Military Aircraft (Loans)

Part of the debate – in the House of Commons at 12:00 am on 2nd May 1966.

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Photo of Mr Emrys Hughes Mr Emrys Hughes , South Ayrshire 12:00 am, 2nd May 1966

I have been here long enough to beware of these technical preparations. Once we are engaged on the technical preparations for the expenditure of this huge sum, we are surely committed to it. If my right hon. Friend the Chief Secretary wants to make time so that we can consider our arguments in greater detail, all he has to do is to withdraw the Motion and postpone it for a more appropriate time.

Here we are embarking upon something which makes absolute nonsense of the economic policy of the Government. I suggest that the country cannot afford to go one step forward in embarking upon an expenditure of £430 million. If this is so irrelevant, immaterial and unecessary, why on earth is it brought before the Committee at this time of night?

We are entitled, therefore, to get a full explanation from whoever is responsible for explaining why these bombing aircraft are necessary for the country and how they will help the country's economic position. A warning should be uttered that there is strong opposition in the country to embarking upon very large expenditure on bombing aircraft at all.

Surely, the technical arguments should be introduced at this stage. When the country needs more money for education, more money for advanced factories, for the mining areas and for the building of factories for producing the goods to export to remedy our economic state of affairs, it is complete nonsense for us to sanction, in any preliminary or any other way, this expenditure on bombing aircraft from America.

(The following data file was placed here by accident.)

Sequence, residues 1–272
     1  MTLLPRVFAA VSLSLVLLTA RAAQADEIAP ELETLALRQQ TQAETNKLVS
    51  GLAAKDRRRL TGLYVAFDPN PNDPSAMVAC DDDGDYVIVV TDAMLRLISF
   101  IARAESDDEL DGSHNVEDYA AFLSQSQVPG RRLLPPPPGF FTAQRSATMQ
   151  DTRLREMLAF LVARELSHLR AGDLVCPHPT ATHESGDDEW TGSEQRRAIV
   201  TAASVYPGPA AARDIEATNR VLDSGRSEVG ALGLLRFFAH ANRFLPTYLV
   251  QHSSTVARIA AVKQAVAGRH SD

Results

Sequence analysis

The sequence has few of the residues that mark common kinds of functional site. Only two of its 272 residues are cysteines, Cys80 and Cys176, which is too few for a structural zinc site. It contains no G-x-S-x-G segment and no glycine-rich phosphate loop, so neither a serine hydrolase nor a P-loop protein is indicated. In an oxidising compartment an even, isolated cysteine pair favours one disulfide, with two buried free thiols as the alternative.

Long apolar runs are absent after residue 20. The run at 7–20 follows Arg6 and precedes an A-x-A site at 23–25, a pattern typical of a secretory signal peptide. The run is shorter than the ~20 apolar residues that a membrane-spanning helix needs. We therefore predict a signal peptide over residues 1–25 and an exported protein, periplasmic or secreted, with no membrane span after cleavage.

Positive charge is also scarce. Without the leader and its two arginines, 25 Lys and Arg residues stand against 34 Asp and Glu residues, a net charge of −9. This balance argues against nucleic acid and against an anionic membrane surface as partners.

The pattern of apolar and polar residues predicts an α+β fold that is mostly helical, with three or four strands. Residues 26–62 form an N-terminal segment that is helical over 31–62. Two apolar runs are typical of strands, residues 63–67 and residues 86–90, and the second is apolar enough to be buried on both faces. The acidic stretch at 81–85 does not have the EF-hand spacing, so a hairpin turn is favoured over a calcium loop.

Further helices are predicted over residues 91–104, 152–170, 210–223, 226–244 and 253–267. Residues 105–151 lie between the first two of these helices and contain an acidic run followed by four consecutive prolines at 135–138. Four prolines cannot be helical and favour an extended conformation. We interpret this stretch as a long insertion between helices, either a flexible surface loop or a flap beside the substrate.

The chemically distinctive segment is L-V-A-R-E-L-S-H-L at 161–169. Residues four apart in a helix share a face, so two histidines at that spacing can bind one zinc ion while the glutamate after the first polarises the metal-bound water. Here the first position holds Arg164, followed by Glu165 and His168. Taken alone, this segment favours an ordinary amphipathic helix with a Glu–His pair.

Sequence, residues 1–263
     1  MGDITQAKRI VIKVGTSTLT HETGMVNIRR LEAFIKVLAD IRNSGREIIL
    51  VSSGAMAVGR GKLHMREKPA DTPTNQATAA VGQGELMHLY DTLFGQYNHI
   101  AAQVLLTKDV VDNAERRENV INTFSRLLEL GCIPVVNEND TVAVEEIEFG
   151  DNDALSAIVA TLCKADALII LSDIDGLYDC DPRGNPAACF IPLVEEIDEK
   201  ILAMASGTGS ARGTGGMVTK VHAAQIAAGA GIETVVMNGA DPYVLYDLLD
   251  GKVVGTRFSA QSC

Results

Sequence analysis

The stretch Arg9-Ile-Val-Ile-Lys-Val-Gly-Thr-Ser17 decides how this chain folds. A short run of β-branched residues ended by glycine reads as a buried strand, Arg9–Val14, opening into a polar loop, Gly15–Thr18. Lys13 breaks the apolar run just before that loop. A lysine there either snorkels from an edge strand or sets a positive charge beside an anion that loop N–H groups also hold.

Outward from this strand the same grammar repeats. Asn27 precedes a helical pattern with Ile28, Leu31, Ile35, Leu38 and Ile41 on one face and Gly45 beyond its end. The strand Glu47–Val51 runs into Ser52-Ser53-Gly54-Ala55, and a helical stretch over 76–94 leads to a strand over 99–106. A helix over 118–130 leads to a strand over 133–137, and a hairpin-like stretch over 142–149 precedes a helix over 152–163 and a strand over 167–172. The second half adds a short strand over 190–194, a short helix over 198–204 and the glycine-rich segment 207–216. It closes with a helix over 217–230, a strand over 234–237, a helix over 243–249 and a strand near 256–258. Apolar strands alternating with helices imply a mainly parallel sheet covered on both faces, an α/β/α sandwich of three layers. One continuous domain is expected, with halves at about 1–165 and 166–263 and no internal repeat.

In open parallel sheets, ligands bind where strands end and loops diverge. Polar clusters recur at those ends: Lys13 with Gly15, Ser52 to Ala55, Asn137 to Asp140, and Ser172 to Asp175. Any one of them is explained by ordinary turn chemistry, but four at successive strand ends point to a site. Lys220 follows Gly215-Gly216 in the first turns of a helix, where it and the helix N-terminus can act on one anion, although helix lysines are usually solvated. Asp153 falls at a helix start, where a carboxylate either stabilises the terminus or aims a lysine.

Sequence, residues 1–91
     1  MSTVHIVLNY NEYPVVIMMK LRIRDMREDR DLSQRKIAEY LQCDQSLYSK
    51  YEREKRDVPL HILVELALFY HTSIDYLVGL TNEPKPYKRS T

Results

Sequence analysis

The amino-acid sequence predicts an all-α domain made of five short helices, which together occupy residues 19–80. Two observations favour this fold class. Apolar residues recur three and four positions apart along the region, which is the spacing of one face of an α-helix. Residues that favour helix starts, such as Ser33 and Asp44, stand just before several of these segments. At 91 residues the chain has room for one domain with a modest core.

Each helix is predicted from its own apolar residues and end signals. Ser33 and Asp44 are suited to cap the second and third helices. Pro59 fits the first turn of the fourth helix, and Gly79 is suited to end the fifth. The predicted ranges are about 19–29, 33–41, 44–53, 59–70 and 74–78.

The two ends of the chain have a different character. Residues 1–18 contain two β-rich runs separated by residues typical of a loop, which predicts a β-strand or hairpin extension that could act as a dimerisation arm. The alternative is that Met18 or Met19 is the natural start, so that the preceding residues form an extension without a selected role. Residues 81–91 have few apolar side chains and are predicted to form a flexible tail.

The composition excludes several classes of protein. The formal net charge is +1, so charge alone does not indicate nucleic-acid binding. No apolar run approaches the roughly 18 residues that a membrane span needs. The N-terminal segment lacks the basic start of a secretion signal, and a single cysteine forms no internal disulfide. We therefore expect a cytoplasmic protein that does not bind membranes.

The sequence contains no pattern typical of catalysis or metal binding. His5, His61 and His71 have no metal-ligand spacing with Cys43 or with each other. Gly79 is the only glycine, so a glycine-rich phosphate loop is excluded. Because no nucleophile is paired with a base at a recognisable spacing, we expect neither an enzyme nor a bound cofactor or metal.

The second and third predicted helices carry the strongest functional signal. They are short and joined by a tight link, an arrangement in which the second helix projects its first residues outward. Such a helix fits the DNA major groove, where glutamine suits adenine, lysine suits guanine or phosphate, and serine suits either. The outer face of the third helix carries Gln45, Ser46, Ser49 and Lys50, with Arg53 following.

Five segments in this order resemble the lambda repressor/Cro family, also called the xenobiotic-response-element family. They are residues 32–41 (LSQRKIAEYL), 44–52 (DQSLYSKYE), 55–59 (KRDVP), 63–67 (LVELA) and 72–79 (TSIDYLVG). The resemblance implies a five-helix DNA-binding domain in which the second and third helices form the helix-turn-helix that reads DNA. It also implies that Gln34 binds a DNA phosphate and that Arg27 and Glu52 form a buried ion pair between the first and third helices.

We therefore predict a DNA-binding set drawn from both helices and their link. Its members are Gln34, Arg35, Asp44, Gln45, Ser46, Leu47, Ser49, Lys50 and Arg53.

I cannot see how the bombing aircraft will help the country's interests. We are to be committed to continuing the arms race. This £430 million will be spent on expensive bombing aircraft which, presumably, will carry the hydrogen bomb or the atomic bomb. At the same time, we are told that we must also embark, and we are embarking, upon a considerable sum for expenditure on other forms of nuclear warfare—the Polaris submarine.

I know that we are not discussing that expenditure in this debate, but when this country will tomorrow be calling upon its citizens to tighten their belts and imposing new taxation because our economic situation is precarious, it has to be made clear that this proposal is quite out of keeping with the arguments that the Prime Minister is using.

So I say that we must try—if I may use a military metaphor—to fire a few shots across the bows of this particular project, and if we can postpone our arguments till another time let us postpone this discussion, and let the Chief Secretary to the Treasury take back this enormously expensive programme which I believe will militate against what we need most in this country—a constructive effort to build the factories which will produce the goods which will save this country from economic crisis. Representing the constituency I come from, I say we want advance factories to provide work for miners who are shortly to be unemployed. We are totally against this embarking upon expenditure for bombing aircraft which will be a burden on the finances of this country and for which there is no possible military or economic justification.